I *heart* Bill Nye the Science Guy.

It’s true. I have a little secret science crush on Bill Nye the Science Guy. (Yes, my husband knows. He has a small crush on Sandra Bullock, and we’re okay with that, too. His chances of actually meeting Sandra Bullock are an astronomical, exponential number.)

Bill Nye the Science Guy
Bill Nye the Science Guy

From The Writer’s Almanac, November 27, 2009: It’s the birthday of Bill Nye the Science Guy, (books by this author) born William Sanford Nye in Washington, D.C. (1955). He majored in mechanical engineering at Cornell, where one of his professors was Carl Sagan, and was working as an actor at a Seattle sketch comedy show when the host mispronounced the word “gigawatt”; he’d incorrectly said “jigowatt.” William Sanford Nye politely corrected the host of the television comedy show, and the host said, “Who are you?” and Nye said, off the top of his head, “Bill Nye the Science Guy?”

Between 1993 and 1997, he wrote, produced, and hosted 100 episodes of Bill Nye the Science Guy, his educational program on PBS geared toward grade-schoolers. The 26-minute program, each featuring a distinct topic, was shown in classrooms across the country, and it still is broadcast on some public television stations. He’s written a number of children’s books, including Bill Nye the Science Guy’s Big Blast of Science (1993).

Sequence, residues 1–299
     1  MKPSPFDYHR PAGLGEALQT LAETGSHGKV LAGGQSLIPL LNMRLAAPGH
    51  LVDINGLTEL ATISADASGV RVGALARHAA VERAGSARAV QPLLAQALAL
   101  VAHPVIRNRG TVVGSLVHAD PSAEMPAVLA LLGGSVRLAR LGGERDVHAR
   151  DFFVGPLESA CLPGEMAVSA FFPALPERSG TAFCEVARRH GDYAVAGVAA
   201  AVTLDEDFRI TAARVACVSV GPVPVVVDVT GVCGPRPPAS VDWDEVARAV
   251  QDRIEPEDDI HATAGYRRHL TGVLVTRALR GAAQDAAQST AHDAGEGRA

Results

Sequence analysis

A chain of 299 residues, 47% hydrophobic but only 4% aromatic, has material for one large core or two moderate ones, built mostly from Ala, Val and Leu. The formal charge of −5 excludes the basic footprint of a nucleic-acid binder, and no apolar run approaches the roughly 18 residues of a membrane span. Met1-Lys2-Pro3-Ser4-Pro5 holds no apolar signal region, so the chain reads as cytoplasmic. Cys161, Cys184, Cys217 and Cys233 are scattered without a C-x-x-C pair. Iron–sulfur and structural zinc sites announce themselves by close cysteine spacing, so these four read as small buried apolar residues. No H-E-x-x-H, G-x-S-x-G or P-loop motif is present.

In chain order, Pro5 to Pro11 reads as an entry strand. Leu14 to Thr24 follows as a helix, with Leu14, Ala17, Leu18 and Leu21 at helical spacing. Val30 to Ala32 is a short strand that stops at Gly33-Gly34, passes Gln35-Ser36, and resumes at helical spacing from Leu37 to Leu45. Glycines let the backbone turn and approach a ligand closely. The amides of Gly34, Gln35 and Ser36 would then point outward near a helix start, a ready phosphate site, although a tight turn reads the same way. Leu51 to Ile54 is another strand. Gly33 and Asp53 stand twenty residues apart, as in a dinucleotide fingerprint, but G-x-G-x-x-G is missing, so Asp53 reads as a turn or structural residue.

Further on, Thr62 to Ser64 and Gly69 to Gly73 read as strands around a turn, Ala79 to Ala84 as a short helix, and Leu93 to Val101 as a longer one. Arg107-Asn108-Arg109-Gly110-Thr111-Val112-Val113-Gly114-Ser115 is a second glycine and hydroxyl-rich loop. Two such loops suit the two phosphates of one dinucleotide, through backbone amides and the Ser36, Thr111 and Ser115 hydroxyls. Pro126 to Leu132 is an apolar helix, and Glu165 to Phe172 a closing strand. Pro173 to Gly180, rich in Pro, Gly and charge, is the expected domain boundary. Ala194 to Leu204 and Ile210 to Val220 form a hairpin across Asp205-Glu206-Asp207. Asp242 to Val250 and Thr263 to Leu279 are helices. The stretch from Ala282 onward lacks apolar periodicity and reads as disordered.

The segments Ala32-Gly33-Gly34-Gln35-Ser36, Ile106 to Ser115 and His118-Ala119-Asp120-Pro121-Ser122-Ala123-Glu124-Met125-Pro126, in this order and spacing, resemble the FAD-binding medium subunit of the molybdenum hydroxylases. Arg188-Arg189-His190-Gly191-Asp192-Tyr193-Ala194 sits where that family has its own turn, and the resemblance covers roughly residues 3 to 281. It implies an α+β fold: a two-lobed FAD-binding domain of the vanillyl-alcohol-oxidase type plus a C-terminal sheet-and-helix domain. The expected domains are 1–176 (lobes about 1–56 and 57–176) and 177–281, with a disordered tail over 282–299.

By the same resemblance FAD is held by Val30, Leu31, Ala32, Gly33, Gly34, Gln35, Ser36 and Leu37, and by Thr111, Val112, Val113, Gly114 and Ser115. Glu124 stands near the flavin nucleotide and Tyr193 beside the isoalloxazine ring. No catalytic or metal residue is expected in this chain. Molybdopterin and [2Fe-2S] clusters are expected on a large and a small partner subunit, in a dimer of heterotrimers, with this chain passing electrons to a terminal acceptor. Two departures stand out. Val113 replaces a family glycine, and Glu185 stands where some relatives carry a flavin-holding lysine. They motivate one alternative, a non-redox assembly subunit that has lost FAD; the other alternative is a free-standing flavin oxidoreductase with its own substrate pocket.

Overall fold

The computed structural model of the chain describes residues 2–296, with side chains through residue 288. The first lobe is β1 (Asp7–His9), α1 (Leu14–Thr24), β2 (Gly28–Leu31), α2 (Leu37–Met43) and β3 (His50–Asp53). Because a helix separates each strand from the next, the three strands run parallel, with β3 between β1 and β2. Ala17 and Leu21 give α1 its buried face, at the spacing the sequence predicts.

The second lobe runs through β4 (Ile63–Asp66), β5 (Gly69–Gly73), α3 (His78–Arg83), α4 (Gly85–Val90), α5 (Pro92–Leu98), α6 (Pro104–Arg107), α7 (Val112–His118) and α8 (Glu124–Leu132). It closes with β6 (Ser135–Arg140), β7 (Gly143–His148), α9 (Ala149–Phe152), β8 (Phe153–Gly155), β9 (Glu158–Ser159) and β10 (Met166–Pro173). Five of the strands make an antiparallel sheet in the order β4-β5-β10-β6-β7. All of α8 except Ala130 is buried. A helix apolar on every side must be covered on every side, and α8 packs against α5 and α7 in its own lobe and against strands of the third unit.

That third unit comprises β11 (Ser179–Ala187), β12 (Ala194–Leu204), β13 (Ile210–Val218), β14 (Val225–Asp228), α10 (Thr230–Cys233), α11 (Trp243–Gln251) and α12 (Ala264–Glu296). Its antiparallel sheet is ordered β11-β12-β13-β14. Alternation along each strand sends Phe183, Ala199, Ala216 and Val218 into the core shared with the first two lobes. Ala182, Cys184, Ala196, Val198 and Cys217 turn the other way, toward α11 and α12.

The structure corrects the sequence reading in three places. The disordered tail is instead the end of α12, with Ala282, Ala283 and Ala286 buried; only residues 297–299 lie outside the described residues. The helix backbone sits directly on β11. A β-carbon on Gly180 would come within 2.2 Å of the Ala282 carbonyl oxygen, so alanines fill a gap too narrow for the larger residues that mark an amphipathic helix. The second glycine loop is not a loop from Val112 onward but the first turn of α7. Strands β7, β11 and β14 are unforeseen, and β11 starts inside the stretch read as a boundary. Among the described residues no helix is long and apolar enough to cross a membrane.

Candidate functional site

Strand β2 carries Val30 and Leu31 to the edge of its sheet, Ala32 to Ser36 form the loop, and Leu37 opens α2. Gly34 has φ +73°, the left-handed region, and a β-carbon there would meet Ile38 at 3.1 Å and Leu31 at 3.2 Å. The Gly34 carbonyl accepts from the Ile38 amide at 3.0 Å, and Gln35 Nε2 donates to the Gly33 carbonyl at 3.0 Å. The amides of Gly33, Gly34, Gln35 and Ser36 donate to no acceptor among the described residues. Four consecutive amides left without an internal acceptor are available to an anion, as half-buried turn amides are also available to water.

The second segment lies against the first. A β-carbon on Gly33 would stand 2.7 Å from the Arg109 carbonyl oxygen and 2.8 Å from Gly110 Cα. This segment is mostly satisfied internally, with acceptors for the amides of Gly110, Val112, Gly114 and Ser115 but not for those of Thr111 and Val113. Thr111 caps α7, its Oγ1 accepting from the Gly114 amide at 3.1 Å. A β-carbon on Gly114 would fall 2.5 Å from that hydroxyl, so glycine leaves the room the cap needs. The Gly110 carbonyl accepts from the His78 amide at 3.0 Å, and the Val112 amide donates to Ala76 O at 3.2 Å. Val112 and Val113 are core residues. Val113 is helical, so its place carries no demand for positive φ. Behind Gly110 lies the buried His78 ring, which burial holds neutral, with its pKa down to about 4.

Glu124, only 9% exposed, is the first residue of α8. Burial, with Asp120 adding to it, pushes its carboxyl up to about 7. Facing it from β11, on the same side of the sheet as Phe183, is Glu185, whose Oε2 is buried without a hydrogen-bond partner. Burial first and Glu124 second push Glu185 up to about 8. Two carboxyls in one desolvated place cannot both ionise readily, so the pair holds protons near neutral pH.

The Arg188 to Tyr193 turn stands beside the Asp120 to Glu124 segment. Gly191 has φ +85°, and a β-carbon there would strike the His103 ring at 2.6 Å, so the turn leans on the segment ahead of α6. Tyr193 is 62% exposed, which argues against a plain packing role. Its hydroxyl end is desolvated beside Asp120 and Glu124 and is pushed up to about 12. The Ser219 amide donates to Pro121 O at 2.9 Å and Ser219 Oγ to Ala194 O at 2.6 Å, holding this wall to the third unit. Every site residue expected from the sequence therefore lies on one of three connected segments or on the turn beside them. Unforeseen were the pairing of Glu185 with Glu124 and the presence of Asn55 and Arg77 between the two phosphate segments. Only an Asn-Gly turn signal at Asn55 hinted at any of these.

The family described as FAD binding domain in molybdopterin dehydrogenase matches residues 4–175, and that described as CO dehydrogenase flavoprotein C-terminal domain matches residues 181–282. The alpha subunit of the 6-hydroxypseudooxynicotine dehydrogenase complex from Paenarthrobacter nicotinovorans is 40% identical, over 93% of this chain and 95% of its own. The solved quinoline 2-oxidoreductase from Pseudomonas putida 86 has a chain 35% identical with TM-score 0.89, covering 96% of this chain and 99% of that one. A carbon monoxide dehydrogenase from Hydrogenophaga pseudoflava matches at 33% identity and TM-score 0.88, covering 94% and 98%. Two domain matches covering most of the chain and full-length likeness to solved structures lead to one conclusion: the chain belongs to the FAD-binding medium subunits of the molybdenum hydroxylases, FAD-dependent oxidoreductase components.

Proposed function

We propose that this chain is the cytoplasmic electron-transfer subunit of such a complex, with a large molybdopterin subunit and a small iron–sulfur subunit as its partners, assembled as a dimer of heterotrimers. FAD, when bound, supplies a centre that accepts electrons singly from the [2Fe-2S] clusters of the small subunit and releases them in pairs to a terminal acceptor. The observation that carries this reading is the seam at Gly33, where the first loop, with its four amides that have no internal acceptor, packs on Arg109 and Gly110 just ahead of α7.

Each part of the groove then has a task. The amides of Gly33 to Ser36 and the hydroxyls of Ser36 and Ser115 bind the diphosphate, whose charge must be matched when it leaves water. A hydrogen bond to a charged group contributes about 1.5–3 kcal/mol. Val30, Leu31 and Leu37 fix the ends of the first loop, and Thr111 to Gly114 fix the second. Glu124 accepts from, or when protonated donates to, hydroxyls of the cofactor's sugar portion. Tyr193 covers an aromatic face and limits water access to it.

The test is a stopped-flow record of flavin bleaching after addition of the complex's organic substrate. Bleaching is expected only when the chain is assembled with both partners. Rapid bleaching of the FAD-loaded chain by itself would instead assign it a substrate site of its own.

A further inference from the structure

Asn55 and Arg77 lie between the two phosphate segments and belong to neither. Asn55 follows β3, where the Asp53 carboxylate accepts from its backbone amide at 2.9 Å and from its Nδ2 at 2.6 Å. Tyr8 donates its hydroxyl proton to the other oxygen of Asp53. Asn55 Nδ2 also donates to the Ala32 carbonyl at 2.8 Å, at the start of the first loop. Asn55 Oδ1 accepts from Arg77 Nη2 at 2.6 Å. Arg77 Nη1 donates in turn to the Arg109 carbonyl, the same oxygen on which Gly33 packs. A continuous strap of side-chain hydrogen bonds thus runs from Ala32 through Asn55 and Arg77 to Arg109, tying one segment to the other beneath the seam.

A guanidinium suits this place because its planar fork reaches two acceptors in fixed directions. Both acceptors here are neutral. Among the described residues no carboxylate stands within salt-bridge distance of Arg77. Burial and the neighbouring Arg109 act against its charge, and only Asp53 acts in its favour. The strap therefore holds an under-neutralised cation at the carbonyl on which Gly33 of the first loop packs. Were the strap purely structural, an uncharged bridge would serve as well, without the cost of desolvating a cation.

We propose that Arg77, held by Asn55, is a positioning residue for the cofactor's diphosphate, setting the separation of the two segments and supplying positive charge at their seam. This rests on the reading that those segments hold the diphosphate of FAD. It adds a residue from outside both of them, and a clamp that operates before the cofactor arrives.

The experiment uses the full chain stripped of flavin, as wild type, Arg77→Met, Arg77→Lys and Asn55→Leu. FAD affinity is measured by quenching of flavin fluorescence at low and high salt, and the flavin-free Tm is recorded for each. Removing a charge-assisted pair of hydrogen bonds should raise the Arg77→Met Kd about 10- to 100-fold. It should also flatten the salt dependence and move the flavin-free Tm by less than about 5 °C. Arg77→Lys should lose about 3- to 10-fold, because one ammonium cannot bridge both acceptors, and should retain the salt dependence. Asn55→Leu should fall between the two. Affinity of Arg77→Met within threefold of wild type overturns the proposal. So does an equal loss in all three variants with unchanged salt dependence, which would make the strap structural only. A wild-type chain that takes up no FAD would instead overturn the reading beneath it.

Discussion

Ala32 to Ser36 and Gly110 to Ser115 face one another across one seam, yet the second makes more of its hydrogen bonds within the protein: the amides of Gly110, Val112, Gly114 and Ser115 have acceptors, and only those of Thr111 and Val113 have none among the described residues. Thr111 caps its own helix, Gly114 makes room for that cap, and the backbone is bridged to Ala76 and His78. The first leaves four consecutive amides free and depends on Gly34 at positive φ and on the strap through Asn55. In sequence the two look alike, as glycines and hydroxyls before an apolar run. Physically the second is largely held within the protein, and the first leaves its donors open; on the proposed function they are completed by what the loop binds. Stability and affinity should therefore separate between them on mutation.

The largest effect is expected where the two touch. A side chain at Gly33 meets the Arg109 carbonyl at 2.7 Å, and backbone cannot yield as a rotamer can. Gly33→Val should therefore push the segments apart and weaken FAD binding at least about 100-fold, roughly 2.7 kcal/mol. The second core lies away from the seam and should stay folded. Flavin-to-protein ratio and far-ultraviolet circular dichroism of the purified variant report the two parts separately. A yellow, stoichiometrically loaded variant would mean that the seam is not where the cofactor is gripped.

If one of his professors was Carl Sagan, well, maybe that explains some things, because I also think Carl Sagan, a physicist, said some incredible things, too:

Imagination will often carry us to worlds that never were. But without it we go nowhere.

For small creatures such as we the vastness is bearable only through love.

In order to make an apple pie from scratch, you must first create the universe.

So, as I ask some big questions, like my place in the universe, why am I here, am I only limited to my tiny mortal coil, restrictive and finite, I will also know I am in good company with others more intelligent than I–Professor Sagan, Bill Nye, and of course, my husband, whom I *heart* the most.

Check out Bill Nye the Science Guy’s website: http://www.billnye.com/flash.html